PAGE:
Under the terms of the agreement, the city retained ownership of the garage and land, while the developer purchased the air rights above the parking deck and owns the two floors of office space.
Pacific Plaza Development negotiated a 100-year lease with the city for the 32,500 square feet of first-floor retail space and assumed responsibility for all modernization and tenant improvement costs. Within 12 months of completion, Pacific Plaza’s commercial space was fully occupied.
Greener Parking Pastures
The original garage’s design maximized parking counts through the use of the roof for parking and building out to the property line. An efficient strategy for maximizing parking capacity, it had unintended environmental consequences.
Open to heavy Northwest rainfall, stormwater collected on the site was directed into the municipal storm water system, which emptied directly into the nearby Thea Foss Waterway (a recently remediated Superfund site) and carried with it vehicular pollutants including dirt, oil, rubber and other chemicals.
Because the new Pacific Plaza design, by BLRB Architects in Tacoma, included the addition of commercial office space atop the original structure, rainwater contact with the parking decks and subsequent runoff were virtually eliminated. A 28,500-square-foot “green roof,” planted with sedum, grasses and wild flowers, captures and filters stormwater runoff, which is collected as gray water for non-potable use and irrigation of rooftop vegetation.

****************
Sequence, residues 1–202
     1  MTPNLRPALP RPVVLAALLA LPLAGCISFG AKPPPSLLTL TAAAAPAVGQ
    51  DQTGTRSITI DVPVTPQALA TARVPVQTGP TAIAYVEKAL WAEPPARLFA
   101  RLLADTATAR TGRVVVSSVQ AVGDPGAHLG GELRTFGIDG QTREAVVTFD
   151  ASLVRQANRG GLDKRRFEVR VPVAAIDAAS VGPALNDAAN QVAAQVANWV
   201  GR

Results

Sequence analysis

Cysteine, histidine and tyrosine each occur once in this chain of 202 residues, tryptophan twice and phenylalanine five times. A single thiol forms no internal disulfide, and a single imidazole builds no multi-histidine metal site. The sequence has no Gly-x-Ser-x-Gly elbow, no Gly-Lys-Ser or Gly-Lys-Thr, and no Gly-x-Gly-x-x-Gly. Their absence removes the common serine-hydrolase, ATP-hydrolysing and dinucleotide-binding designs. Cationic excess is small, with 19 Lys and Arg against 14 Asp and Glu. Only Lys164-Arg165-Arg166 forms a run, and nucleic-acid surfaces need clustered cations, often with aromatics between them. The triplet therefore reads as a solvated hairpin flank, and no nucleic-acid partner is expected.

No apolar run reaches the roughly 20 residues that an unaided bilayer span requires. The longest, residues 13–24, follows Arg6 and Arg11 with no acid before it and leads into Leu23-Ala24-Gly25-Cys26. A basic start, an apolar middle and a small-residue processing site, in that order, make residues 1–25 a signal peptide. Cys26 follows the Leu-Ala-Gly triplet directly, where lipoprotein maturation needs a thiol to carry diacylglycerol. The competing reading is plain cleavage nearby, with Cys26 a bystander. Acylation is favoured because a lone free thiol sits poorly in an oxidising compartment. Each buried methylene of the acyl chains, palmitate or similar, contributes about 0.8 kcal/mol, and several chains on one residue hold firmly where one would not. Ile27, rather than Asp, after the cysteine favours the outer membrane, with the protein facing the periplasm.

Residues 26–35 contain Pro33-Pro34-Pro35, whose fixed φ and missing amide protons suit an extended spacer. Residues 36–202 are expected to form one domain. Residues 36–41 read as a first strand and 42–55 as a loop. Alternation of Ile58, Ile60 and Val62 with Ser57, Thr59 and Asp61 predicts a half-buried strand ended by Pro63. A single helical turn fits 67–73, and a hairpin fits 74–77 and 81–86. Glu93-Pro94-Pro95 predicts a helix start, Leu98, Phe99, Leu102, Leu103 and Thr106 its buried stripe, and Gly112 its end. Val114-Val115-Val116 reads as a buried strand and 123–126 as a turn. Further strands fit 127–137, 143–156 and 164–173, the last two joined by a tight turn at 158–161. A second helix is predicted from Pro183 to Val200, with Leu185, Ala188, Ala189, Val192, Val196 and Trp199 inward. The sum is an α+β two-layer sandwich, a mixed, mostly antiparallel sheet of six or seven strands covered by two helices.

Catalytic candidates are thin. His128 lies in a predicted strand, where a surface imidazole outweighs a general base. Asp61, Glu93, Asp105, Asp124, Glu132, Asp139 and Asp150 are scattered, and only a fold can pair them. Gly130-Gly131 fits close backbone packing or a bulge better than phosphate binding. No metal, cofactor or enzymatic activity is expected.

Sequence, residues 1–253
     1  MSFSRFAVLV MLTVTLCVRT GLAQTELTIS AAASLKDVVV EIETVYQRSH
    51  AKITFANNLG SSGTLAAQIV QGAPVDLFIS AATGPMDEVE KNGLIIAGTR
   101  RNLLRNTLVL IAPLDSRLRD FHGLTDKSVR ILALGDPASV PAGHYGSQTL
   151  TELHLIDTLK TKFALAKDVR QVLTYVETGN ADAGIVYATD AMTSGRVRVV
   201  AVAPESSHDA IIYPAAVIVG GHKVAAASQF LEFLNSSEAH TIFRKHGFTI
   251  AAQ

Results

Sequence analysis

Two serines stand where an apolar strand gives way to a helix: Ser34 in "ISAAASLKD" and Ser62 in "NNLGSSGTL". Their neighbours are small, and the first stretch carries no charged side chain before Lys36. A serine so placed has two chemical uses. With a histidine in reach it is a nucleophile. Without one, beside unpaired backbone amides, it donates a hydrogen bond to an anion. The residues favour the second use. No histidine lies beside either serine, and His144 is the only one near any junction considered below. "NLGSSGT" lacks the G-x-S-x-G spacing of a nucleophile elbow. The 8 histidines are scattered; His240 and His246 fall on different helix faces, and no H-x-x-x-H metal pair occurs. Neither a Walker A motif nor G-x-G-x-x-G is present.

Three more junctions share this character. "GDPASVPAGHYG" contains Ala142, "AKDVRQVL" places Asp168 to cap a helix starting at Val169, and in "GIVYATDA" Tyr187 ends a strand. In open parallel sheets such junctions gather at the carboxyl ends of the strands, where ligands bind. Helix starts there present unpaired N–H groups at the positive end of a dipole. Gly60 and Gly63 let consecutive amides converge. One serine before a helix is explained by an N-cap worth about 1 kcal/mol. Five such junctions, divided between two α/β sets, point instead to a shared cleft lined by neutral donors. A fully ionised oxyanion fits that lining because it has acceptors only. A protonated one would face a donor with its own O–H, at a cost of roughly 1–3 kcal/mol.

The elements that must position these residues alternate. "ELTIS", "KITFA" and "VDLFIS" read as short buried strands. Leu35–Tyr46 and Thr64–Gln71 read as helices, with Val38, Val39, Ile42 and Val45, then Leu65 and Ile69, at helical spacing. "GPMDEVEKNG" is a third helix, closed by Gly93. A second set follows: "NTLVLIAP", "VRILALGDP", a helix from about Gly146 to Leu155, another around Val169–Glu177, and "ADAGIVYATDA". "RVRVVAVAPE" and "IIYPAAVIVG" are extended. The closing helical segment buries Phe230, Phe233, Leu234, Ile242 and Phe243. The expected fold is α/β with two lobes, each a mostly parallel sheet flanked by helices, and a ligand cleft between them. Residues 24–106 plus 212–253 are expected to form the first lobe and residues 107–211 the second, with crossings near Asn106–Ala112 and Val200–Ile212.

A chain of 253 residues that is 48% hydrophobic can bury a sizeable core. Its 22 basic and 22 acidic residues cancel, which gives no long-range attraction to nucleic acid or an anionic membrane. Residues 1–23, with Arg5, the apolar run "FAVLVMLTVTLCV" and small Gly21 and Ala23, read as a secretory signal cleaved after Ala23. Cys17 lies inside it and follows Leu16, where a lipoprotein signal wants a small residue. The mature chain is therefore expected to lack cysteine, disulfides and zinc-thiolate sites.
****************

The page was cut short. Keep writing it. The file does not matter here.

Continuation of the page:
New energy-sipping garage lighting with daylight harvesting sensors was installed and ensures that the garage is well-lighted yet energy efficient during peak usage hours.
This public-private partnership investment appears to have paid off handsomely. The city and the developer successfully worked together to realize a project that would not have otherwise been feasible, even in the best of times, much less in the midst of an economic recession.
Downtown Tacoma’s parking capacity – and resultant revenue generation – was increased, and a deteriorating, outdated eyesore was given a dramatic, contemporary facelift that improved both the aesthetics and the safety of the building and surrounding area, while also attracting new commercial tenants.
Ben Ferguson of BLRB Architects was the Project Manager for Pacific Plaza. He can be reached at

Energy-conservation strategies at Pacific Plaza in downtown Tacoma, WA, are encouraged among garage patrons as well, with 26 preferred-parking stalls near the elevator bank reserved for alternative-fuel and low-emission vehicles. To encourage alternative commute methods, a secure storage area accommodates 21 bicycles. Complimentary storage lockers, showers and a private changing area are provided on each floor of office space as amenities for those who walk, jog or bike to work. – BF
Far exceeding the parameters of a conventional renovation, the new Pacific Plaza complex is a model of sustainable design. For example, it reused 78.3% of the original building, and 97.9% of all construction waste was diverted from the city landfill and recycled into other byproducts. Over all, the building design specified 35.6% in recycled products. The project, designed by BLRB Architects in Tacoma, was awarded LEED Platinum CS certification by the U.S. Green Building Council. – BF

Article contributed by:
Ben Ferguson